Deep Linking, Shallow ThinkingPublished 18 years, 2 months past
So a few weeks ago you might have noticed a bit of brouhaha that surrounded the new Terms and Conditions for Orbitz.com, set to go into effect today. For anyone who missed or forgot about it, a refresher: in Section 6, you find this wonderful bit of total cluelessness:
We reserve the right to require you to remove links to the Site, in our sole discretion.
Linking to any page of the Site other than to the homepage is strictly prohibited in the absence of a separate linking agreement with Orbitz.
So under their Terms and Conditions, it would be forbidden for me to point to a press release that announces Orbitz suing some former employees; or to their mangled-markup list of press releases; or, for that matter, to a medium-resolution JPEG of the Orbitz logo (which is rather ominously referred to in the Terms and Conditions as a “Mark of Orbitz”, which sounds like something that might have been mentioned in the first draft of the Book of Revelation).
It should be noted, however, that Section 4 of the old Terms and Conditions contains this amazing little gem:
You agree not to create a link from any Web site, including any site controlled by you, to our site.
Because nothing could be worse than increasing traffic to your site.
So yes, this post is in complete violation of the both the old and new Terms and Conditions for Orbitz.com. And if I had ever been, or ever planned to be, a customer of Orbitz—thus agreeing to said Terms and Conditions—that might actually bother me for a second or two. But, as they say:
If you do not accept all of these terms, then please do not use these websites.
Boys, you got yourselves a deal.
I thought no-one used such linking policies any more!
About a month ago I heard that Sainsbury’s require you to apply in order to get a permission to link.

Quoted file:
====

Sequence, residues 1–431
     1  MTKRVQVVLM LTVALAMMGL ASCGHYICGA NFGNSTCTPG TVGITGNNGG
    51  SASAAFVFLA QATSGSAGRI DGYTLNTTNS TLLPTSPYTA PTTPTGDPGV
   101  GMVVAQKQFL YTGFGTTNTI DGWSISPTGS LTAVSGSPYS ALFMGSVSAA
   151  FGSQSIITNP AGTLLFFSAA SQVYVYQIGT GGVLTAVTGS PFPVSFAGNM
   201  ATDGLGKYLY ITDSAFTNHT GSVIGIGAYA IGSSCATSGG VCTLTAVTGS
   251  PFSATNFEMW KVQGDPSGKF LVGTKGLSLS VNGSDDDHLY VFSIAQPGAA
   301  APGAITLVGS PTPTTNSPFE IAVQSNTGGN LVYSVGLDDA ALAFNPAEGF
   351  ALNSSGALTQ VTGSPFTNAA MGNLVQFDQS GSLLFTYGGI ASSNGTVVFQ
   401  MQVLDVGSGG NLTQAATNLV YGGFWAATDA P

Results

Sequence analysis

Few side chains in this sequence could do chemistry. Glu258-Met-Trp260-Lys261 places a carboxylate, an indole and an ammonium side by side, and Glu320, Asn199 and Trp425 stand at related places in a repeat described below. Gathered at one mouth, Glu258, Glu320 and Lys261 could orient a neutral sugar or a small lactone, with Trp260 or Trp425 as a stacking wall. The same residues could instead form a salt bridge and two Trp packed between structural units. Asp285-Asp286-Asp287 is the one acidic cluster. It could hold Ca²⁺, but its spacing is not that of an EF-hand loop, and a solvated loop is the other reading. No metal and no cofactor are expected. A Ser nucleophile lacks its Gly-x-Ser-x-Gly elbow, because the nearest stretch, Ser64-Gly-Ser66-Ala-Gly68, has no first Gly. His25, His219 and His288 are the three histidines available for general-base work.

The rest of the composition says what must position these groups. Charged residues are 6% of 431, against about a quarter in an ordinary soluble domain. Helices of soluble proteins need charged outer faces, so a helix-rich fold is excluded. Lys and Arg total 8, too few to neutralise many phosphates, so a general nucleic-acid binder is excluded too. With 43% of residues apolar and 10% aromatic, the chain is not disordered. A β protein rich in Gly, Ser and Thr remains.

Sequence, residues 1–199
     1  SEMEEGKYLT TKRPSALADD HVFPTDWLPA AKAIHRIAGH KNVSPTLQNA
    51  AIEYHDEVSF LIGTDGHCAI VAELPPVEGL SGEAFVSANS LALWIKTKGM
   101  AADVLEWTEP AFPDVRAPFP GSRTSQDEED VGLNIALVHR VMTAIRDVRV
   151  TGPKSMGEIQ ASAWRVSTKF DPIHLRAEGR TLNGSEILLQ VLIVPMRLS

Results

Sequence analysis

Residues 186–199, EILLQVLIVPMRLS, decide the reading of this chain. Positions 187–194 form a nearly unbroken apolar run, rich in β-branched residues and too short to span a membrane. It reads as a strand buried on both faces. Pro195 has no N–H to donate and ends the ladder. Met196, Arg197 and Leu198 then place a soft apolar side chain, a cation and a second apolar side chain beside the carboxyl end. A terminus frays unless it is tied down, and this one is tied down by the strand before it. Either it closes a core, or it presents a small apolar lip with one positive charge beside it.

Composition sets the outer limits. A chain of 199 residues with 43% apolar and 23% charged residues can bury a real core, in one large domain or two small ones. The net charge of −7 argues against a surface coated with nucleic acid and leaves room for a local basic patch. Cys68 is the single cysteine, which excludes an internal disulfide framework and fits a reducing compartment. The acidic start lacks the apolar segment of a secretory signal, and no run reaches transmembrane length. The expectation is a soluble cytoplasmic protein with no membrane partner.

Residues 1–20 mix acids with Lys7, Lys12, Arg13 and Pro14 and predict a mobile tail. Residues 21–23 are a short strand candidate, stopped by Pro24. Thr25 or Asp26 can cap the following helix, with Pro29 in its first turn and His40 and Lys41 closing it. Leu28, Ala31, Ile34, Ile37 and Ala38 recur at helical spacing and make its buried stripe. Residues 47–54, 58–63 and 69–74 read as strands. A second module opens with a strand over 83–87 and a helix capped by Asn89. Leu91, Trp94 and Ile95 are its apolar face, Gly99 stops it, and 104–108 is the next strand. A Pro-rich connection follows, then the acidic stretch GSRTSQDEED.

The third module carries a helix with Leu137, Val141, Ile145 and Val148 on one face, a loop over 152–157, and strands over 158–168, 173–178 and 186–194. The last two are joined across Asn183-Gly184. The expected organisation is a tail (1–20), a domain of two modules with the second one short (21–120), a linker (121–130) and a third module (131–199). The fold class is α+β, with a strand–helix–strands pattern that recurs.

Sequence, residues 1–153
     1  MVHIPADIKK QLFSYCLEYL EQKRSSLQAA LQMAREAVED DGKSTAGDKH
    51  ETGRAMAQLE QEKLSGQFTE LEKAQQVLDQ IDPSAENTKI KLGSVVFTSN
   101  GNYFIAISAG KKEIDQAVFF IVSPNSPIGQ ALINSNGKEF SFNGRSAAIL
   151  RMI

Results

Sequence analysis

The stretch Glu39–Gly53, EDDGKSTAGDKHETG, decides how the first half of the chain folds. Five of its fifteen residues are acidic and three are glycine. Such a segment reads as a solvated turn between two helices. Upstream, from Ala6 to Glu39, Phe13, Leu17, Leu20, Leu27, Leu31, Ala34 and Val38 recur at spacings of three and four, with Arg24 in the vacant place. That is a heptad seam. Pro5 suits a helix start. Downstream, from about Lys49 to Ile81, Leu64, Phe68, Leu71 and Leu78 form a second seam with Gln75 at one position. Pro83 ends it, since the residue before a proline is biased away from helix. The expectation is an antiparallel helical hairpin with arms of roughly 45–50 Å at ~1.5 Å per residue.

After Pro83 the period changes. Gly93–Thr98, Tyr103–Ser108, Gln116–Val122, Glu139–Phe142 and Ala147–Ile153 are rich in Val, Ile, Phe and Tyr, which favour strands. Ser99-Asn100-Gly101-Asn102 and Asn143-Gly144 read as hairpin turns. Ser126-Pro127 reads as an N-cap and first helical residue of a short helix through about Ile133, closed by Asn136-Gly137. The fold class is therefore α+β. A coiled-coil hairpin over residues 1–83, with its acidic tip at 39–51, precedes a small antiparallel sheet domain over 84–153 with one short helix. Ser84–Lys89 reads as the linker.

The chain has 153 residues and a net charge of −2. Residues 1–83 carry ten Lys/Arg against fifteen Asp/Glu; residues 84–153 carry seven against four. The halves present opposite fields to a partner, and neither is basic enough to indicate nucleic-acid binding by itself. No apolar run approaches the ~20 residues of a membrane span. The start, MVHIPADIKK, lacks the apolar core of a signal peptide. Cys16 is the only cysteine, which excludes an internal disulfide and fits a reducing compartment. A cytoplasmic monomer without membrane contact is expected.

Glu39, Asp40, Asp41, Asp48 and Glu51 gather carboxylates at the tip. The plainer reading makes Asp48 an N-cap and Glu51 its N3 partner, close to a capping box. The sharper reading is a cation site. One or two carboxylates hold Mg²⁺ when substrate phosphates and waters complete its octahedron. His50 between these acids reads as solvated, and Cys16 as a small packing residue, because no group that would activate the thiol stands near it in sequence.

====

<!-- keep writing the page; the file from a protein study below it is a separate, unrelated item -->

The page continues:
The only worry I can imagine them having is a link bound to unflattering title, which then associates them with nasty words in search engines. Try for example, ‘f*ckwit’ in Google and the first result will be John Prescott, the British Deputy Prime Minister.
Maybe they’ve done it to counteract some angry reactions from dissatisfied customers?
YOu know, Boing Boing has their own special linking policy as well.
Can they actually do that? How can one company prevent another’s web site from linking to a public web page?
I’m sure some idiot attorney would take on the case for Orbitz, but legally would they even have a leg to stand on?
Isn’t that the open nature of the web? Or am I missing the point completely?
Thanks for this good info. I will let my readers (almost all in the travel industry) know to avoid Orbitz.com like the plague.
I have always preferred the method of linking to a site’s home page. That way I can include a huge list of instructions on how to find a document. Go here, then click on X item in the upper left (with a blue background) and then click on Y in the upper left and look for the words “What are URI’s for anyway?”. What’s wrong with that?
I was wondering about what will happen when they contact you about these links you have here and want them removed, and you refuse. What can they do about that?!